Sunday, June 04, 2023

Tiananmen Square in 2023

Tiananmen Square in 1989

From Reuters (Jessie Pang and Ben Blanchard):

Hong Kong police searched and detained scores of people on Sunday, four arrested for "seditious" intent, as authorities tightened security for the 34th anniversary of the 1989 Tiananmen Square crackdown.

Restrictions in Hong Kong have stifled what were once the biggest vigils marking the bloody crackdown by Chinese troops on pro-democracy demonstrators, leaving cities like Taipei, London, New York and Berlin to keep alive the memory on the June 4 anniversary...

Hong Kong activists say such police action is part of a broad campaign by China to crush dissent in the city that was promised continued freedoms for 50 years under a "one country, two systems" formula when former colonial power Britain handed it back in 1997.

Security is significantly tighter across Hong Kong this year, with up to 6,000 police deployed, including riot and anti-terrorism officers, according to local media.

Senior officials have warned people to abide by the law, but have refused to clarify if such commemoration activities are illegal under a national security law China imposed on Hong Kong in 2020 after mass pro-democracy protests...

Despite the warnings in Hong Kong, some individuals including some book shop owners, have been quietly marking June 4.

Jailed Hong Kong activist Chow Hang-tung, one of the leaders of a group called The Alliance, which used to organise Hong Kong's annual June 4 vigils before it was disbanded in 2021, said on Facebook she would hold a 34-hour hunger strike.

In mainland China, any mention of the Tiananmen Square crackdown - where troops opened fire on pro-democracy protesters, killing hundreds if not thousands, according to rights groups - is taboo and the subject is heavily censored.

China is, by the by, an absolute mess (Article is from Bloomberg but it's firewalled, so you get Yahoo! instead):

Hegang, a city with nearly a million people near the Russian border, had debt of more than double its fiscal income when it hit the headlines almost 18 months ago. It was the first time a city administration had taken official emergency steps since the State Council unveiled rules in 2016 on how local governments, from counties to provinces, should deal with debt risks.

Hegang’s residents are now feeling the brunt of the fiscal clampdown. During a recent visit to the city, locals complained about a lack of indoor heating in freezing winter temperatures, and taxi drivers said they were being slapped with more traffic fines. Public school teachers worried about rumored job cuts, and street cleaners endured two-month delays to their salaries...

Hegang represents just the tip of the iceberg of a local government debt problem that’s making investors increasingly nervous and that threatens to be a drag on the world’s second-largest economy for years to come. Goldman Sachs Group Inc. estimates China’s total government debt is about $23 trillion, a figure that includes the hidden borrowing of thousands of financing companies set up by provinces and cities.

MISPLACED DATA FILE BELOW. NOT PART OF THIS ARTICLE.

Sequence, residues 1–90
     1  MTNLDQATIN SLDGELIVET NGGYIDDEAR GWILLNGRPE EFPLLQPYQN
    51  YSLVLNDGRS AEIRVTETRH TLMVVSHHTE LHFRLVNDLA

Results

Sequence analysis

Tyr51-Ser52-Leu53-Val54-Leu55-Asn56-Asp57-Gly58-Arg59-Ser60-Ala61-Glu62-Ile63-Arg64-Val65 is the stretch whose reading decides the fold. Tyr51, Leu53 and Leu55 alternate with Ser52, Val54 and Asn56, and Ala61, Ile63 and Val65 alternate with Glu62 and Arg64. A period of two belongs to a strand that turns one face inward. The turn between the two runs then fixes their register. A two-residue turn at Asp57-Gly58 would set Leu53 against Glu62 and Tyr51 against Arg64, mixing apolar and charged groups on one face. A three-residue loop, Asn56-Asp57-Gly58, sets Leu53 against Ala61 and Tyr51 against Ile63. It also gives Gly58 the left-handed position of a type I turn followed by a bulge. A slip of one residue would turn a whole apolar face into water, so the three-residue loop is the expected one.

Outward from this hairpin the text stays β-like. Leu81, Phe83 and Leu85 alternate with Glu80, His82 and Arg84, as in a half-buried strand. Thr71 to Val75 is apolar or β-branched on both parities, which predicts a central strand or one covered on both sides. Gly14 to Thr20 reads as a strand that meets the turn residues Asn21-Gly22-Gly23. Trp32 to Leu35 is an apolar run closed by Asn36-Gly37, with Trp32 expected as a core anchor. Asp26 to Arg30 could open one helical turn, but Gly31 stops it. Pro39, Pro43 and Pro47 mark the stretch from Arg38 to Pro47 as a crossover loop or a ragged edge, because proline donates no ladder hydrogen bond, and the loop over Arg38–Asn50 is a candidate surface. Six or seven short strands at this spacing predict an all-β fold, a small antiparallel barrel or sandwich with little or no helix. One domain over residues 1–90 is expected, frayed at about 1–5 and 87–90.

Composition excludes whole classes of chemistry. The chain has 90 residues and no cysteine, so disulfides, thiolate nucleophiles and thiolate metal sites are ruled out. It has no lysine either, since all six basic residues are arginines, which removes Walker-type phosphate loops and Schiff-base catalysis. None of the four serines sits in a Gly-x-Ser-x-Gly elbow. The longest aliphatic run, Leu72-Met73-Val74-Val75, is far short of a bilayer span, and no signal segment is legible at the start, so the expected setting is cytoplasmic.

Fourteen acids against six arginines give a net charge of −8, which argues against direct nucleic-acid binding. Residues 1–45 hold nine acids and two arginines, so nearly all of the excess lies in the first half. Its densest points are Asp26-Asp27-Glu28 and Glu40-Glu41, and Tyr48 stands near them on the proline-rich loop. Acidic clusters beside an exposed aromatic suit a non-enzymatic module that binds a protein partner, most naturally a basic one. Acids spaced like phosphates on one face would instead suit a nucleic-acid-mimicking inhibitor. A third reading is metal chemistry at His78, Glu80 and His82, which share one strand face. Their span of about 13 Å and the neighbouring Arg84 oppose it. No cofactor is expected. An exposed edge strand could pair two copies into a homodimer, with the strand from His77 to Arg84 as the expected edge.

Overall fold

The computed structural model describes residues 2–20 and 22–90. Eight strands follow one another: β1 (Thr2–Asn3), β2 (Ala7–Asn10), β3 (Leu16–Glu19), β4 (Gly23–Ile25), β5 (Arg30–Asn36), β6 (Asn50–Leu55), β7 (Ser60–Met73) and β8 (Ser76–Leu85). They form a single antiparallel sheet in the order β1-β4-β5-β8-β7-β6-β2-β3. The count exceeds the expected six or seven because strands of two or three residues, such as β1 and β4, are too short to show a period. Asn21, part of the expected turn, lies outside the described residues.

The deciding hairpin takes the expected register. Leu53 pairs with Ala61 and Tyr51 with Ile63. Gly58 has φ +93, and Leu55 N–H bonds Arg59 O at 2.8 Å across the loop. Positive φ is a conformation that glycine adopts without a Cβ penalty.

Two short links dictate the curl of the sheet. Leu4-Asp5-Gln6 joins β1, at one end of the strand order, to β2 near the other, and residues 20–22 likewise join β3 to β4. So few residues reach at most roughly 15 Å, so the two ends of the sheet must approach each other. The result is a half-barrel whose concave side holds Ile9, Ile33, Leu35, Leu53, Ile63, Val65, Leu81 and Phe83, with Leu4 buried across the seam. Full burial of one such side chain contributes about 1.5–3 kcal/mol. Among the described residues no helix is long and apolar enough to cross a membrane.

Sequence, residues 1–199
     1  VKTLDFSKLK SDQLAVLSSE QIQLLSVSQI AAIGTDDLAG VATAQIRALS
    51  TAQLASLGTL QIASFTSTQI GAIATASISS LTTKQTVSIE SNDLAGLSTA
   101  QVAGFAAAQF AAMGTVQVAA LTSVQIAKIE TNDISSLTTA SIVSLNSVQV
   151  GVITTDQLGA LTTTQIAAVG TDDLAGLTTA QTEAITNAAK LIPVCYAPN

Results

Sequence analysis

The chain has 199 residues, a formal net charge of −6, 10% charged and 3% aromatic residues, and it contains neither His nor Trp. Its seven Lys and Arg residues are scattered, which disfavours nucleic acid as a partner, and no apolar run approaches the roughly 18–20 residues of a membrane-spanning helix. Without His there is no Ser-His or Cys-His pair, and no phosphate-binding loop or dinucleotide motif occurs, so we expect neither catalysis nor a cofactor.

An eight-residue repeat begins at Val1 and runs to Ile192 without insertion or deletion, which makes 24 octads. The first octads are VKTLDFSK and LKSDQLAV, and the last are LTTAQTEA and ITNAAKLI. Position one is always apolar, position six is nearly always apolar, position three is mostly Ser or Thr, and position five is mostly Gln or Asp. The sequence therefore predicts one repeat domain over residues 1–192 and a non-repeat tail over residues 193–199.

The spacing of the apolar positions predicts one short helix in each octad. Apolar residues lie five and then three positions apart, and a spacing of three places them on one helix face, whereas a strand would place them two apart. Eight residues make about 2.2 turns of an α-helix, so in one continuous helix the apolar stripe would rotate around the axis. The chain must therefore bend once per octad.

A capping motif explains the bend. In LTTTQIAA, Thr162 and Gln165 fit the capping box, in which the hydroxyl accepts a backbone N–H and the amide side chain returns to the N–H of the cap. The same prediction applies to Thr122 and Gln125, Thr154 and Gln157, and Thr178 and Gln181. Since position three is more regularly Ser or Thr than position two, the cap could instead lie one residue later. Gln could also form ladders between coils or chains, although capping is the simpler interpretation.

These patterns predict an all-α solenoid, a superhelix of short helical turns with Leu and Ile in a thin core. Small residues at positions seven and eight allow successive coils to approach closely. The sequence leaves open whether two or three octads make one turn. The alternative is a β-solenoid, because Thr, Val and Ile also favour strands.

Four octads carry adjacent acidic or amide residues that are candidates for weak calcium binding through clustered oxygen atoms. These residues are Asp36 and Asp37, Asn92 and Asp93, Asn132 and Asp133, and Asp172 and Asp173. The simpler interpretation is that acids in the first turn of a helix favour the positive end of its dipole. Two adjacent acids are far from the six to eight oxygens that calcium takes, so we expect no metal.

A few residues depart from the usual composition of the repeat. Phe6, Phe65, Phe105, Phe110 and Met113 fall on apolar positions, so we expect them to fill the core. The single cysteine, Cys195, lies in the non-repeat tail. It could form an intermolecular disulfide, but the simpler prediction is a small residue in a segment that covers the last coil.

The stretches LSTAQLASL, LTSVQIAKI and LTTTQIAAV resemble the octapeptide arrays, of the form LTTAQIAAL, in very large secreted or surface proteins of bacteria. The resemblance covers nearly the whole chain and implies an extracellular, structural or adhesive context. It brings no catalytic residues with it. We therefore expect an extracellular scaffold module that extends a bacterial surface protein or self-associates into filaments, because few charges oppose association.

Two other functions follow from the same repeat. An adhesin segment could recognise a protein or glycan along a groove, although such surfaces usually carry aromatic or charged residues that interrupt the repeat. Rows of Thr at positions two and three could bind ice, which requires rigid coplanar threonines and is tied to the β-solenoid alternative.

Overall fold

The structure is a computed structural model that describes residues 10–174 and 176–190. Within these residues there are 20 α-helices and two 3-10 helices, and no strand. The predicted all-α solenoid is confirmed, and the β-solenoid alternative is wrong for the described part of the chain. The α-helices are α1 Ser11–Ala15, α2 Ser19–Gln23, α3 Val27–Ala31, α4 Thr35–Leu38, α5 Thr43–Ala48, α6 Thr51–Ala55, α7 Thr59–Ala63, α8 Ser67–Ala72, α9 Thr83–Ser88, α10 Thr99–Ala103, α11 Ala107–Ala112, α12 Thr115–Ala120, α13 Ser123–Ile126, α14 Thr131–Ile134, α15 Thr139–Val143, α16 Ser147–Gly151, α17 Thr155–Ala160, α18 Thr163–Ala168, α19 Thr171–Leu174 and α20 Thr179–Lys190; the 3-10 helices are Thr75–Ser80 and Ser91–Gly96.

While the chance of a municipal default in China is relatively low given Beijing’s implicit guarantee on the debt, the bigger worry is that local governments will have to make painful spending cuts or divert money away from growth-boosting projects to continue repaying their debt. At stake for Xi is his ambition of doubling income levels by 2035 while reducing the gap between rich and poor, which is key for social stability as he seeks to rule the Communist Party for potentially the next decade or more.

“Many cities will become like Hegang in a few years’ time,” said Houze Song, an economist at US think tank MacroPolo, noting that China’s aging and shrinking population means many cities don’t have the workforce to sustain faster economic growth and tax revenue.

“The central government may be able to keep things stable in the short term by asking banks to roll over local governments’ debt,” Song said. Without loan extensions, he added, “the reality is that over two thirds of the localities won’t be able to repay their debt on time.”

There had been a massive construction boom going on across China in the past two decades, as though the central government was using all of that to overcharge their economic numbers to look better than they were. Stories abound about entire cities built without residents and massive construction projects that sit unused because there was no actual demand for them. Most of these "ghost towns" look to be owned as commodities rather than residences, creating the kind of economic bubble that led to the 2007-08 housing market crash that created the Great Recession.

If China is heading down that path, how soon will their investments and financial stability collapse to where it affects their manufacturing and exporting? At what point does the economic disparity between the vast poor and the elite (party leadership) rich become another protest?

How soon before Tank Man's children rise up, Xi? 

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